6 Tips for Doing School at Home
No matter what boat your in – for online learning or in-person – chances are your children will start the school year working from home. If you are like us, the end of the last school was very trying, frustrating, and downright tiresome.
Though many school districts are much more prepared for online learning now, we thought we would share some helpful tips for doing school at home.
Set a Daily Schedule.
To help everyone deal with the process of adjusting to the disruption and change, it can be comforting and productive to keep regular hours for school, shared meals, and other activities.
- Let kids help in the planning. Decide together on how you want the schedule to look.
- Talk in detail about how things will work, to see if people have questions or suggestions.
- Try to listen to each person’s concerns and be open-minded about creative solutions to any issues.
- Each day, let kids decide on their own the order in which they want to do their assignments.
- Be sure to include play time, alone time, and outside time.
Create a Learning Environment.
Just like working from home is difficult for many adults given the added distractions, the same is true for children. Kids are used to playing at home, relaxing, and watching tv. Of course these things can pose a hinderance to learning.
- Help kids to create their own space for working, whether that’s in their favorite living room chair, on their bed in the privacy of their room, or sitting at the kitchen table.
- You may even set up several work stations and encourage students to use different spots for different subjects.
- All you’ll really need is a flat surface! Earplugs or noise-cancelling headphones can also really help keep out distractions.
Make Time for Breaks.
Downtime does wonders for productivity. Students get plenty of downtime throughout any normal school day. So remember to enable moments of downtime and encourage occasional relaxation. Sometimes in the middle of a difficult lesson or challenging assignment, a quick break can be just what you and your kids need. Get outside if you can and use nature to teach; the fresh air is healthy for mind, body, and spirit.
These days are a great time to chill out a little about small mistakes. Try to keep lessons pleasant. Focus on positive reinforcement. If you stay flexible while following your own rules, you’ll set a tone of structured fun.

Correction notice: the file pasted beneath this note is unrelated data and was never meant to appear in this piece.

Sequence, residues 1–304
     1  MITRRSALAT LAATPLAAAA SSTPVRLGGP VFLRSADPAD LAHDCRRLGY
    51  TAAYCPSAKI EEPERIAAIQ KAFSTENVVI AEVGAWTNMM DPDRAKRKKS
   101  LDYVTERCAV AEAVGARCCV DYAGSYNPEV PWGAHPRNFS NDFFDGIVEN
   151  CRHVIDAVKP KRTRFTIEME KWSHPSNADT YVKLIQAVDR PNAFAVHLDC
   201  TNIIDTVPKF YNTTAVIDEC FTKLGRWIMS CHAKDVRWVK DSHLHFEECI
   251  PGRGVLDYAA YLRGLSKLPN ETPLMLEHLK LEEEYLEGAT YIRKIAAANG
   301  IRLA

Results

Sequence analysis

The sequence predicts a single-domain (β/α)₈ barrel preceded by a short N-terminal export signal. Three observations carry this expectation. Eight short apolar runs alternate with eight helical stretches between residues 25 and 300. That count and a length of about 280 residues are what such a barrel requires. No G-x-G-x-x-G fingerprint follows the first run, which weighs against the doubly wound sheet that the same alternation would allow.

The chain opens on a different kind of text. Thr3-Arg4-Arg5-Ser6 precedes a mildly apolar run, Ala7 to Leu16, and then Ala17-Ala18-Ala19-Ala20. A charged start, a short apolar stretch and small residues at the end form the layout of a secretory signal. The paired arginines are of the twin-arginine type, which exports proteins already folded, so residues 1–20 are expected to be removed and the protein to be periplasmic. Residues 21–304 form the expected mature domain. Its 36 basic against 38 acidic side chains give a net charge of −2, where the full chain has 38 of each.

Positive Vibes Only.
It’s never a bad idea to look on the bright side. Reframing and gratitude can go a long way. One of the silver linings for all of us right now is the fact that we’re making history!
- When your children’s children ask them about the Coronavirus outbreak, what do you want them to remember? What stories of your own childhood can you share with them? When you were a kid, how did your family entertain themselves at home?
- Think of all the meaningful projects you can do as a family, from creating and sending out handmade cards to seniors in your community, to writing and filming a movie together, or dreaming up a fancy menu and learning how to cook it together.
- When things get tough, take a deep breath, look at each other say: “We’ve got this.” Believe in each other and encourage each person to believe in themselves. Positivity is contagious, so you’ll find that everyone’s attitude improves.
Whatever happens, be compassionate. Have compassion with your children, have compassion with your fellow caregivers, and have compassion with yourself. We’re all figuring this out as we go along, driven by the clarity of purpose this challenge is revealing to us.
Show Yourself Some Love.
If you’ve recently been thrown into an unfamiliar or overwhelming situation, be forgiving and kind with yourself. Remind yourself and those around you that you’re all adjusting to something new. It could just be a blessing in disguise.
Whenever you can: keep things simple. Focus on one thing at a time. Don’t try to do too many things at once. Take each day as it comes. Don’t obsess over little setbacks; perfection is an illusion. Be sure you take time to recharge every day. If you start to feel stressed, breathe, laugh, and enjoy what you’re doing.
Of course, at the end of the day, a “way to go teacher” glass of wine helps.
End of Day Chat.
A daily wrap-up one-on-one meeting with each child helps ensure success and gives both kids and caregivers a sense of accomplishment. Take ten minutes at the end of the school day to go over their work, discuss any questions they have, and check to make sure everything got done, offering positive feedback and chatting about what you’ll be doing tomorrow.